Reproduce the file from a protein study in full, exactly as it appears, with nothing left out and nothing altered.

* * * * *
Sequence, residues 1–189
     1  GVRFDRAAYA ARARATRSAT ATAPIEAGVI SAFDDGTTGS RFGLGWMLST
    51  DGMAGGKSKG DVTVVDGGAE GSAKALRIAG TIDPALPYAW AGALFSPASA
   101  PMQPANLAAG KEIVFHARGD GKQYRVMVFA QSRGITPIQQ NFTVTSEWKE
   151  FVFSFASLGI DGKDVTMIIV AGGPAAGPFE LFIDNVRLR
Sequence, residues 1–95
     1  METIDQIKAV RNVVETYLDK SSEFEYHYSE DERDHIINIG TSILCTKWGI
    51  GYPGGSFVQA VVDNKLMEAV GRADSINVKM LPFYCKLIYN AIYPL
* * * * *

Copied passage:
Sequence, residues 1–189
     1  GVRFDRAAYA ARARATRSAT ATAPIEAGVI SAFDDGTTGS RFGLGWMLST
    51  DGMAGGKSKG DVTVVDGGAE GSAKALRIAG TIDPALPYAW AGALFSPASA
   101  PMQPANLAAG KEIVFHARGD GKQYRVMVFA QSRGITPIQQ NFTVTSEWKE
   151  FVFSFASLGI DGKDVTMIIV AGGPAAGPFE LFIDNVRLR
Sequence, residues 1–95
     1  METIDQIKAV RNVVETYLDK SSEFEYHYSE DERDHIINIG TSILCTKWGI
    51  GYPGGSFVQA VVDNKLMEAV GRADSINVKM LPFYCKLIYN AIYPL